Post by ascotti on Jan 5, 2019 20:49:59 GMT
I've really had a great time reading the book and working on the raytracer, but from now on I'll have much less time to work on it so progress will be quite slower. I've put what I have on GitHub for anyone who wants to take a look: Funtracer page on GitHub
Here's a cheap trick that is very useful. A lot of .obj files come without normals and look like this: However, it is easy to generate normals at each vertex: just average the normals of all triangles that share that vertex. So all triangles can be made smooth: Simple but effective!



Post by Jamis on Jan 6, 2019 2:08:44 GMT
Neat trick! Thanks for sharing your code. I look forward to seeing how it looks in Go!



Post by accolon on Nov 14, 2019 11:05:11 GMT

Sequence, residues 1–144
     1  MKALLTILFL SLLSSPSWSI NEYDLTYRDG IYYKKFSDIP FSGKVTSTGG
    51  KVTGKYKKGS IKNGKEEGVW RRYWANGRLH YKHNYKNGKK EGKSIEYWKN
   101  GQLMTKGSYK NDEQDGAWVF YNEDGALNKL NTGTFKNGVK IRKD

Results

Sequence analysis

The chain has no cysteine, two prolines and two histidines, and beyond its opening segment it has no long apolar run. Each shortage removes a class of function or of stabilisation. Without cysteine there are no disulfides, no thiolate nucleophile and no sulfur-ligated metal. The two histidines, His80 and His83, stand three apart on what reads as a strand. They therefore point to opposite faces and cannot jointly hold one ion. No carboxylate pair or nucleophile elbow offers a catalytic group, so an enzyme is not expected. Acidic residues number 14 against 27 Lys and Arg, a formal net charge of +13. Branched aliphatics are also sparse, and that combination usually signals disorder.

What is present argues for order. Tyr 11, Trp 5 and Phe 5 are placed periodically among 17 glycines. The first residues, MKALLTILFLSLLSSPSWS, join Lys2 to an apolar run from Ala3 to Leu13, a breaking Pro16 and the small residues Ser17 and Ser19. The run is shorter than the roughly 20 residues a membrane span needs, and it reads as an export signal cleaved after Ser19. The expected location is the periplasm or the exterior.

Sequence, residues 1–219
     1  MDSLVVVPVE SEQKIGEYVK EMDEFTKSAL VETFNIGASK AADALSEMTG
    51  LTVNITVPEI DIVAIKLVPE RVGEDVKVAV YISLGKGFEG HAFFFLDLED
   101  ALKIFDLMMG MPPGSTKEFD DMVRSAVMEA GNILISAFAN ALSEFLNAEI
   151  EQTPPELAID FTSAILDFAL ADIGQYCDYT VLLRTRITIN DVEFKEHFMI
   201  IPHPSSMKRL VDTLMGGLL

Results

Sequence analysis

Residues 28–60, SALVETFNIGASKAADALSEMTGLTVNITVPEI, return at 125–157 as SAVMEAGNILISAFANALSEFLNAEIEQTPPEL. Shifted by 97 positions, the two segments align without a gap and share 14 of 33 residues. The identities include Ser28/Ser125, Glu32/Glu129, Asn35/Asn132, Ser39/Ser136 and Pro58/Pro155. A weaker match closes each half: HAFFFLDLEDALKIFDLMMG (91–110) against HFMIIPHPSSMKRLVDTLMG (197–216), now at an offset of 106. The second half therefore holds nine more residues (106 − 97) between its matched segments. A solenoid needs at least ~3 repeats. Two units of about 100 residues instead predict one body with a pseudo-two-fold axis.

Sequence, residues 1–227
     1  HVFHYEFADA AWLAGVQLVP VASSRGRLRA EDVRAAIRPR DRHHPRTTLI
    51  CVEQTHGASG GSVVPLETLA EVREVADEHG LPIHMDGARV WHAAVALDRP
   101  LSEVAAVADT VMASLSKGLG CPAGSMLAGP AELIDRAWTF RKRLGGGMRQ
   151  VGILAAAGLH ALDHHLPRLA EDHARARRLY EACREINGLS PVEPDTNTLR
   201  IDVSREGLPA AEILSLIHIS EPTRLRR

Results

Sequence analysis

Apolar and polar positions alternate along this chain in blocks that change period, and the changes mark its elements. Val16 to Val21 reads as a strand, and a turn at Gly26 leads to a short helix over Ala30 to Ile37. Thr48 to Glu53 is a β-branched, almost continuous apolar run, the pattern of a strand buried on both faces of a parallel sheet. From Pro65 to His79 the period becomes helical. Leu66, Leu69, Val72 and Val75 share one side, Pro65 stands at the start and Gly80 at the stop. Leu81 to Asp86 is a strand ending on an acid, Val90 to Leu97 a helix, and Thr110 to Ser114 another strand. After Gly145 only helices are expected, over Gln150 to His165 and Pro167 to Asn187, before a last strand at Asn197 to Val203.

How did you implement this? I tried, but my generated normals look really odd. What I did: 1. During OBJ parsing, build a list VN of all vertices V with an associated empty normal vector. 2. For each face F from the OBJ file, generate standard triangle shapes via fan triangulation, this also computes the triangle normals N as described in the book. 3. For each vertex A, B, C of the current triangle, add N to the normal vector of the respective vertex in VN. Keep count of the number of triangles that share this point. 4. Divide all normal vectors in VN by the number of the triangles shared by this point. 5. Generate smooth triangle shapes for all faces by using the vertex normals from VN. I also found this explanation, which is very similar to my approach: www.iquilezles.org/www/articles/normals/normals.htmThe author skips the division in step 4, since scalar division only reduces the vector length and the vectors are normalized anyway. However, something doesn't work out... EDIT: I also took a look at your code, but (ignoring my lack of knowledge concerning Go), I don't see any major differences.